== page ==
Performance of clay-straw plasters containing natural additives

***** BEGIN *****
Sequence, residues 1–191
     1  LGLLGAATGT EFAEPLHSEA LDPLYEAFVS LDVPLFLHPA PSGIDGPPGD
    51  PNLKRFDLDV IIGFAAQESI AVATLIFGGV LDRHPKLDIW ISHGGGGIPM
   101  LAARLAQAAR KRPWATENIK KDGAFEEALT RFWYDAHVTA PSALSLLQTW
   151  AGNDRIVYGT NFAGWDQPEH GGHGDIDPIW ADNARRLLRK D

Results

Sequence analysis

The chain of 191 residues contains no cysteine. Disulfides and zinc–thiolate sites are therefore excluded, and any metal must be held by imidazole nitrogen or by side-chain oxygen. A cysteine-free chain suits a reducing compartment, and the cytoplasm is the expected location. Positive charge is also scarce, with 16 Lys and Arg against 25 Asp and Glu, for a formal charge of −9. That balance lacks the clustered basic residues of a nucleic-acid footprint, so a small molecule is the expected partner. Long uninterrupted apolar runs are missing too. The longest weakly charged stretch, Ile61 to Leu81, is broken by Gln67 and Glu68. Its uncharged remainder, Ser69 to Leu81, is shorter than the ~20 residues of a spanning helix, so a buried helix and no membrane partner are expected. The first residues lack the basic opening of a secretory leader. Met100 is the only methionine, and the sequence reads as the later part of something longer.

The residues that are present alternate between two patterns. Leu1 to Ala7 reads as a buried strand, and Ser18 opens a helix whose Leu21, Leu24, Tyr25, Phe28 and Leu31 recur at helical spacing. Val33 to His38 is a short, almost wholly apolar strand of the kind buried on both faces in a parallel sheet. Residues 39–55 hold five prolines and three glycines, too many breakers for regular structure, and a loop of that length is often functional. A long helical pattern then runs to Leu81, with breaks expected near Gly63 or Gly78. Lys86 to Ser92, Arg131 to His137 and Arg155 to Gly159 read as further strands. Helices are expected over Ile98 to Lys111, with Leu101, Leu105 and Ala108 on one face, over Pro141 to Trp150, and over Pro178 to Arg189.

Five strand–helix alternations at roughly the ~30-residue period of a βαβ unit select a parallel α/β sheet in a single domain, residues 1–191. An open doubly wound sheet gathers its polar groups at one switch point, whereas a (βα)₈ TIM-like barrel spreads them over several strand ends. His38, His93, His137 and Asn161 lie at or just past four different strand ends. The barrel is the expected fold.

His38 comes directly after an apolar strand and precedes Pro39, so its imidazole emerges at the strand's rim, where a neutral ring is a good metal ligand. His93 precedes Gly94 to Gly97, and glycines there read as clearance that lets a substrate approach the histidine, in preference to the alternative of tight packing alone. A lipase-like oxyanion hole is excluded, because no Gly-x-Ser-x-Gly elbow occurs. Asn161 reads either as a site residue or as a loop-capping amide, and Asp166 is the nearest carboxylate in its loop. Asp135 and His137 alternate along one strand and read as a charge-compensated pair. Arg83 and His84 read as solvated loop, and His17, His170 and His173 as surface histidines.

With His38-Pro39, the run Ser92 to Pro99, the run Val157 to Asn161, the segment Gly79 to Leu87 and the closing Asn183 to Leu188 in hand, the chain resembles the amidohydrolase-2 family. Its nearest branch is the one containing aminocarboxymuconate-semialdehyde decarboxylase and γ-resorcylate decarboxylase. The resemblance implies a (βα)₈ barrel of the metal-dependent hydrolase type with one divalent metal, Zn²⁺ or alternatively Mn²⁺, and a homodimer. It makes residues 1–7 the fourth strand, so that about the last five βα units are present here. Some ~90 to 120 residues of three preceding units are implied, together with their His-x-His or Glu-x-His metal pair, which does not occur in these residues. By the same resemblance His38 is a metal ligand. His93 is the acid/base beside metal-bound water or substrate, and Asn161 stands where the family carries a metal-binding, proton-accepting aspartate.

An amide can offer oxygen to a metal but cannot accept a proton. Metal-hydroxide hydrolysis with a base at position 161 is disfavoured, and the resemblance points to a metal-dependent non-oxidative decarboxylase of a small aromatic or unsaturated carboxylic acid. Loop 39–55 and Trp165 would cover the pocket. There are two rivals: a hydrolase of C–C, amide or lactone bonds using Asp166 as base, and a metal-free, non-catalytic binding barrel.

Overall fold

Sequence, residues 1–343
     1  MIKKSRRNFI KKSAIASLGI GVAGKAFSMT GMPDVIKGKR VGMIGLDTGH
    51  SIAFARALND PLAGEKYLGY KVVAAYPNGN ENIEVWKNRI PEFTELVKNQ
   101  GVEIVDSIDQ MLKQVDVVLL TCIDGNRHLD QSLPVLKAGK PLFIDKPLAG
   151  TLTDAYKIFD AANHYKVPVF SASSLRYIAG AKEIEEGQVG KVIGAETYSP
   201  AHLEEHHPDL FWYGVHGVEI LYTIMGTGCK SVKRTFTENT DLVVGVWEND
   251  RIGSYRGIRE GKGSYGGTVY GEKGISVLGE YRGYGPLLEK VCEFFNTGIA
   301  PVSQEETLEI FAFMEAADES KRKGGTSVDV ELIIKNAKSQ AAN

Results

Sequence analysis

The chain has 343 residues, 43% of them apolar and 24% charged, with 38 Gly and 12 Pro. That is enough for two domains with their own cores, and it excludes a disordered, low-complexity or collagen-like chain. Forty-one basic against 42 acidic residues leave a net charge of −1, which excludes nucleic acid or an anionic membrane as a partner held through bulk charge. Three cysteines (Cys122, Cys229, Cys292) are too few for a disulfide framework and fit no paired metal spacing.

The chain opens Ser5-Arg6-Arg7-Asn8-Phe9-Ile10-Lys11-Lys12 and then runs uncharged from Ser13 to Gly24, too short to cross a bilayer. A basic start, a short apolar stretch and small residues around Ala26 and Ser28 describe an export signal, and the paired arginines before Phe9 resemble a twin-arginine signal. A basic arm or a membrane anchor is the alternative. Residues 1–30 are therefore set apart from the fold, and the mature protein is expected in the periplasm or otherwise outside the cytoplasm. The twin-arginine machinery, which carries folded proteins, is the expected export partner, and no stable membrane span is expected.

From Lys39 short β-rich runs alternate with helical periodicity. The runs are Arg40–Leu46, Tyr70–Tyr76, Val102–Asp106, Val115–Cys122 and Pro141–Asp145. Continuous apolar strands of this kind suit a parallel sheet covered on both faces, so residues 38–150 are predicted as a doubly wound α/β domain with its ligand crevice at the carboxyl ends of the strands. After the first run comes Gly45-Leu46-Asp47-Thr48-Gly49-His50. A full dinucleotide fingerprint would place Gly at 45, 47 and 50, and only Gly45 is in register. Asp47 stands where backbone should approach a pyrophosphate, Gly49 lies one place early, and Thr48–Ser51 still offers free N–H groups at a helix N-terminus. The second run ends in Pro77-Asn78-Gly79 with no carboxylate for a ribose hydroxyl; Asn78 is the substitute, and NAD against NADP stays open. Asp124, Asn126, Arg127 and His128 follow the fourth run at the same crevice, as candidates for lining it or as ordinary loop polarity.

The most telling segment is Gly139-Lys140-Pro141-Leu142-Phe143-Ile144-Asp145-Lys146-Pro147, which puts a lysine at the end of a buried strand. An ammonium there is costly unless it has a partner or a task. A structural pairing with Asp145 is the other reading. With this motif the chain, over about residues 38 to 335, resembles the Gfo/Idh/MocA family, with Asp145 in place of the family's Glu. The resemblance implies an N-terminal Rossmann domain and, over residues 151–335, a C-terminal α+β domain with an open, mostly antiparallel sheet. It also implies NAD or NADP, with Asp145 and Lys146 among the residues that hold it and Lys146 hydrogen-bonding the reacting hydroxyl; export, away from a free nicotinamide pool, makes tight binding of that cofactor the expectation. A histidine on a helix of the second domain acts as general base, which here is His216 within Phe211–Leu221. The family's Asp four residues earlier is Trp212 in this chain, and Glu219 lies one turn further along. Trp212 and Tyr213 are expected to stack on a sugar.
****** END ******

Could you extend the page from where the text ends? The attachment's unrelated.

Earth constructions need to be protected from severe weather conditions in order to reduce their maintenance requirements. Constructive solutions such as overhanging elements play an important role to this intend, but plasters are also crucial. Traditionally, lime and clay plasters are considered to be the most adequate for such structures due to their water vapour permeability and suitable hygrothermal behaviour. The present paper show preliminary results of an ongoing research on clay plasters that may be used to protect earth walls. Barley straw shredded to different particle sizes and natural additives i.e. casein, linseed oil and alginate are added in different proportions to the clay plasters. The hygrothermal performance and durability of the different specimens is evaluated both in laboratory and on-site tests. Water vapour permeability and thermal conductivity are measured in order to evaluate the hygrothermal behaviour of the samples. Erosion and water uptake are also monitored with the aim to investigate the applicability and durability of the different formulations. Fibre size seem to be a driven factor in dimensional stability of the clay plaster, which is reduced in samples with higher fibre sizes. Among the treatments analysed, linseed oil in bulk application yield the best results as significantly increases the resistance to water erosion, reducing the penetration depth about a 60% with respect to the untreated clay plaster. Moreover, it seems to reduce the thermal conductivity of the material. Further work should be done in order to optimise the formulations and confirm these findings.